Football Zebras
CallsLive blog: 49ers at Falcons

Live blog: 49ers at Falcons

2012 NFC Championship

NFC champWe will be live blogging the calls and rules interpretations from the 49ers-Falcons game. (If you see continue reading below, click it to see the entire feed.)

If you have any questions or comments, use the comments section of this post, or tweet us @footballzebras.

Today’s crew is headed by Terry McAulay. The full crew list is at the bottom of this post.

Ben Austro
Mon Sep 18 • 1:01 am EDT

Packers at Falcons

After a Falcons touchdown, Packers coach Mike McCarthy was assessed an unsportsmanlike conduct foul for arguing with back judge Greg Wilson. McCarthy was on the field during the break, and vociferously arguing his case, with side judge Laird Hayes attempting an insert-and-separate maneuver. McCarthy launched some closing verbal salvo that must have crossed a line, and a visibly disgusted Wilson dropped a flag.

Under a new provision in the rule, a coach is now subject to ejection upon 2 unsportsmanlike conduct fouls in certain categories. Apparently, McCarthy is the first coach to receive a penalty under this 2-step ejection rule, and was able to avoid disqualification. No coach in the 98-year history of the NFL has been ejected.

The play McCarthy was arguing about was a flag thrown by Wilson on the previous Packers possession. An offensive pass interference flag came from Wilson — about 40 yards deep — for an infraction near the line of scrimmage. There was a question as to whether it was within the one-yard zone of legal contact — something that can be hard to detect from a deep position — and if the contact was an inadvertent collision, which is not a penalty. McCarthy does have a point, in that it would have been best for no flag at all. (He also contended that the Falcons should have been similarly flagged for offensive pass interference on the succeeding possession.) However, to chew out the official two possessions later was not only fruitless, but also put him near the wrong side of the history books.

Ben Austro
Mon Sep 18 • 12:36 am EDT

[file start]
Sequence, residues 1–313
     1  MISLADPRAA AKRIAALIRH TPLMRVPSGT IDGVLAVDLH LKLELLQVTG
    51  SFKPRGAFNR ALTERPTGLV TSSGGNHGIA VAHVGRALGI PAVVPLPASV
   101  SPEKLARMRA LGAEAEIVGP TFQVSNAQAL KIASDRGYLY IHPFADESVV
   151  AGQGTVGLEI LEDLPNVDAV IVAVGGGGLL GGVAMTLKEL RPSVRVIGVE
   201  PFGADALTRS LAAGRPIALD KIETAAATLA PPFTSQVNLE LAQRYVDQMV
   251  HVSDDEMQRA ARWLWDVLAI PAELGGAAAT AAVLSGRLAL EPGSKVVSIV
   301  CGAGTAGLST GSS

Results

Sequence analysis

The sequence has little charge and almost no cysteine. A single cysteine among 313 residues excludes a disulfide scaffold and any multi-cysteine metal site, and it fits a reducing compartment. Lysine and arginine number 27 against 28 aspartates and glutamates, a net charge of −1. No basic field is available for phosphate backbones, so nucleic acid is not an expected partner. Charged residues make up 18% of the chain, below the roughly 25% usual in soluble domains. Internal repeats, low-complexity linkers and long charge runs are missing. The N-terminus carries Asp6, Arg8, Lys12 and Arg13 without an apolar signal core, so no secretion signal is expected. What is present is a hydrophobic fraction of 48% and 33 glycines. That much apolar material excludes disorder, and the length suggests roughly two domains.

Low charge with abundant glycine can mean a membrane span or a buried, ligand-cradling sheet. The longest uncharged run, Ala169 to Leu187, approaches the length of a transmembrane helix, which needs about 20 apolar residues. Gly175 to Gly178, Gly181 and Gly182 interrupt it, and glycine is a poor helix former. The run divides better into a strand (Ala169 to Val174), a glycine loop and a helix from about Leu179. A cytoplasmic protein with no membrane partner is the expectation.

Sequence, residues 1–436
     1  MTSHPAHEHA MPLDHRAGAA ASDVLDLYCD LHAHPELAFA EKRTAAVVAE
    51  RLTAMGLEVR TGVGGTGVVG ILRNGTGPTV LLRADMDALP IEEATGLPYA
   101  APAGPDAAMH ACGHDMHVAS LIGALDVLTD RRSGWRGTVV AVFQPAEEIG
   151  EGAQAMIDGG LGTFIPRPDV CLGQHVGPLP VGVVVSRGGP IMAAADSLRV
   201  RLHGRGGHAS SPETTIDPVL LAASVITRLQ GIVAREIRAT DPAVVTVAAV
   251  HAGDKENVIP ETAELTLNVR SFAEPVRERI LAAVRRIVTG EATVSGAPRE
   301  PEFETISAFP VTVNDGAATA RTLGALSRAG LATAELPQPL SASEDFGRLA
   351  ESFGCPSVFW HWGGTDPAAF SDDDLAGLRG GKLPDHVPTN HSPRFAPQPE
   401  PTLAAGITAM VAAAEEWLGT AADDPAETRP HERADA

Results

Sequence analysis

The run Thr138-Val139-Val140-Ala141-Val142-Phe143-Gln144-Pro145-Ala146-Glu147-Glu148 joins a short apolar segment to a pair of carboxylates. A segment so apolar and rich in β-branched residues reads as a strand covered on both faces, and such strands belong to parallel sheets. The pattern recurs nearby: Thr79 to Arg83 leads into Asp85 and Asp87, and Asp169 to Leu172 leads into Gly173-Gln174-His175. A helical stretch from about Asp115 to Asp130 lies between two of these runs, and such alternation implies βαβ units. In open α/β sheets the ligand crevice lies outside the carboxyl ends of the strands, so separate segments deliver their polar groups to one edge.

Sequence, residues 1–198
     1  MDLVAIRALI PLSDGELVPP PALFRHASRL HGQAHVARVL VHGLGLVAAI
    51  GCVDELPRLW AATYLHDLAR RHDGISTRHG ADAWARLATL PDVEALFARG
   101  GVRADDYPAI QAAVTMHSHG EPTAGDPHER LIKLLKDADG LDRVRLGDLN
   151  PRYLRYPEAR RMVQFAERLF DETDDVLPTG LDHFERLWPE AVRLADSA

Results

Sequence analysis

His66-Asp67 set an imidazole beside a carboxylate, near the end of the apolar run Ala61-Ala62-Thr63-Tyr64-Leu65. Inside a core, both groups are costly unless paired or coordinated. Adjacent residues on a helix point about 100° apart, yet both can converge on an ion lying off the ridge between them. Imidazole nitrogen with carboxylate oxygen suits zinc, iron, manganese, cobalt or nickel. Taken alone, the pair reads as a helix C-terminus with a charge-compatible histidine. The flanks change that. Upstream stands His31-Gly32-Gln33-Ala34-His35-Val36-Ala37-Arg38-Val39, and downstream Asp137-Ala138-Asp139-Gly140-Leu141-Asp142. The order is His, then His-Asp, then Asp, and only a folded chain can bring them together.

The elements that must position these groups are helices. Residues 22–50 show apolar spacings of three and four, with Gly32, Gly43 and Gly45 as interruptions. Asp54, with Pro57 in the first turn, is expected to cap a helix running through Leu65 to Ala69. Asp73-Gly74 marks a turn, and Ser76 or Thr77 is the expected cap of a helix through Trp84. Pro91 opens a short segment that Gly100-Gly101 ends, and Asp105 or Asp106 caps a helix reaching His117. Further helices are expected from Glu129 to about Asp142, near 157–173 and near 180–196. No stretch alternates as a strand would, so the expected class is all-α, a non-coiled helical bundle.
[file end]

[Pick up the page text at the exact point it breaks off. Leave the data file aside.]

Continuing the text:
Packers at Falcons (video)

On a 33-yard touchdown by Packers, receiver Devante Adams touches the pylon with his foot as he goes into the end zone. The pylon does not put a player out of bounds; he must step on the sideline to be ruled out. Contrast this to a loose ball that touches the pylon, which is ruled to be out of bounds in the end zone.

This is consistent with a player out of bounds touching another player — the in-bounds player is not suddenly out of bounds. However, if a loose ball in the field of play touches an out-of-bounds player, the ball is dead and out of bounds.

Incidentally, this is different in the NCAA rulebook; the pylon does place a player out of bounds. It would be an incomplete still be a complete pass in college, since the receiver had not gotten his second foot down yet after the catch only has to get one foot down in bounds (sorry, late-night editing). If the first foot touches the pylon, then it is incomplete.

Ben Austro
Mon Sep 18 • 12:27 am EDT

Packers at Falcons

The ruling on the backward pass by Aaron Rodgers that was returned for a touchdown is a separate post.

Mark Schultz
Sun Sep 17 • 8:24 pm EDT

Washington at Rams (video)

Several several things to unpack in this video.

Again, hurdling is legal in the NFL. If Todd Gurley tried this Friday night, he’d get a flag.

Good sideline communication between field judge Eugene Hall and rookie line judge Mike Carr. Before going up with the touchdown signal, Hall checked to make sure Carr didn’t have Gurley step out of bounds. 

Finally, Hall shows that officials don’t have to have a whistle on every play. Everyone knew the play was over and he didn’t need to sound his whistle. He didn’t even have the whistle in his mouth.

Good work by Carr and Hall.

Mark Schultz
Sun Sep 17 • 8:08 pm EDT

Jets at Raiders (video)

The Raiders recover a muffed punt. The receiver gave a fair catch but then had the ball bounce off of him. Side judge Terry Brown was on the sideline and made the call.